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Downton Abbey

creator Julian Fellowes

It was long overdue for Gosford Park screenwriter Julian Fellowes to be given the tools to a castle of his own. His place is Downton Abbey in 1912, where he reimagines the world of Jane Austen a century later as a far more realistic and wonderful place than those who wrote during the time of its existence could possibly understand.

The result is the complicated partitions of Downton Abbey, an hour-long serial that has more characters than any show ever done in prime time. Even a decade ago it would have taken an act of God to bring the soapy pleasures to our TV screens. Happily, the series that just completed its first season on England's ITV is already out on DVD, and plans are in the works for it to eventually come to NBC as a miniseries. (You can also download the second episode here.)

Much as Avatar ruined the budding romance between James Cameron and Sigourney Weaver, so too did the actual sinking of the Titanic shake things up at this ancient estate. Gifted with three lovely daughters, Robert Crawley (the magnetic Hugh Bonneville) sees the first two male heirs of his family perish in that maudlin disaster, and his distant relation, civil lawyer Matthew Crawley (Dan Stevens), becomes the inheritor of a massive fortune he never asked for.

John CrawleyThis lighthearted premise has adorned novels since Ms. Austen was in diapers, but the way it plays out is unlike any in British fiction. The real source of Downton's immense wealth is the Earl's monied American wife Cora (Elisabeth McGovern). Since the purpose of the Earl's marriage in the first place was to solidify the financial standing of the estate, it's now subject to English laws, which means that the Earl's first born daughter Mary (the weird-looking Michelle Crockery in star-making role) is shit out of luck when it comes to her future now that her fiance is holding hands with Kate Winslet in the deep.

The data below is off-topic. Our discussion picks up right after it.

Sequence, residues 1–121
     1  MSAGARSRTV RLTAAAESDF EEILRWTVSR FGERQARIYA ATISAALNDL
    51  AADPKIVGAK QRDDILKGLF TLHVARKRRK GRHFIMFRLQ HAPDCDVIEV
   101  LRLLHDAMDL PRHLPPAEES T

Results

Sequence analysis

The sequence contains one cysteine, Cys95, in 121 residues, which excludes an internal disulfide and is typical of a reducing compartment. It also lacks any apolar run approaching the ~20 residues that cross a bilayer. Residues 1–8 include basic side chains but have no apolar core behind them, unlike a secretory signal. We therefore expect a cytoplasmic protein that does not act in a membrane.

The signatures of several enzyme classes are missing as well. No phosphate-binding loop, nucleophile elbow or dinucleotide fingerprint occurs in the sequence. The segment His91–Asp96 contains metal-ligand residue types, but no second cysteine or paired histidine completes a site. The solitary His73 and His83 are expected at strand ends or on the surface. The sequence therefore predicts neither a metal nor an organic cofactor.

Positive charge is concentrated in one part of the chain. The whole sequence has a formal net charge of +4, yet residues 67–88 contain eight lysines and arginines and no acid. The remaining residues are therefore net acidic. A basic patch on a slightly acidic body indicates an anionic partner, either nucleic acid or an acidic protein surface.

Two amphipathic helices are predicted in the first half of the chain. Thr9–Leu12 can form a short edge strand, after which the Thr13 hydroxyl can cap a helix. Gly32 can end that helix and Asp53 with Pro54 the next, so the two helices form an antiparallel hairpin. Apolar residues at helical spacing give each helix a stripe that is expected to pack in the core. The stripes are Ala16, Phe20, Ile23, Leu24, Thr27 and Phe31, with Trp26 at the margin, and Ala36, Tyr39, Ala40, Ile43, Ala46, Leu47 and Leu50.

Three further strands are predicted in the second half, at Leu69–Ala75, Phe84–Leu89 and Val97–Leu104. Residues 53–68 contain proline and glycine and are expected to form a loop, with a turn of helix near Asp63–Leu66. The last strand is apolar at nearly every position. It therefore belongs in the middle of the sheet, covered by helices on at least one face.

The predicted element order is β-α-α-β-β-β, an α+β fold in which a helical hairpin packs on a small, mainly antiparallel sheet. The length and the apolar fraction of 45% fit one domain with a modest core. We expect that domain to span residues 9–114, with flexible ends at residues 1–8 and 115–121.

Matthew and Mary CrawleyWhen we read novels that take place at the end of the English empire, we feel an affection for the customs of the period. The servants of Downton by and large don't share this optimistic view of the cosmos. The inclusion of the trials of the servant class was what make Gosford Park one of Robert Altman's most touching and vital films, and there are really no better protagonists than maidservants, butlers, and footmen.

As in Downton Abbey's literary opposite numbers, the real protagonist of the show is a heroine — Mary's maid Anna (Joanne Froggatt). Most of the experienced servants are given perilously complex portraits, and Anna is no different. Her love story with the estate's new arrival, former soldier turned manservant John Bates (Brendan Coyle) constitutes a breakthrough performance for both of them, and with record audiences, the show has already been renewed for a second eight episode season.

The show's second offering deals with how uncomfortable the country solicitor who will inherit Downton feels upon the ubiquitous presence of his manservant. Matthew Crawley is a spirited capitalist, and surely the idea of having a servant of one's own should feel strange to most of us. Downton Abbey's servants learn of this truth and others as they intuit the unfolding of events far better than their masters. But there Fellowes does an exciting dance, where he proves that the idea of the wise yet lowly individual's sagacity is purely an illusion of the masters themselves.

Mistakes were made. Downtown Abbey looks back at this period with something like the careful ministrations of Trey Parker's Captain Hindsight.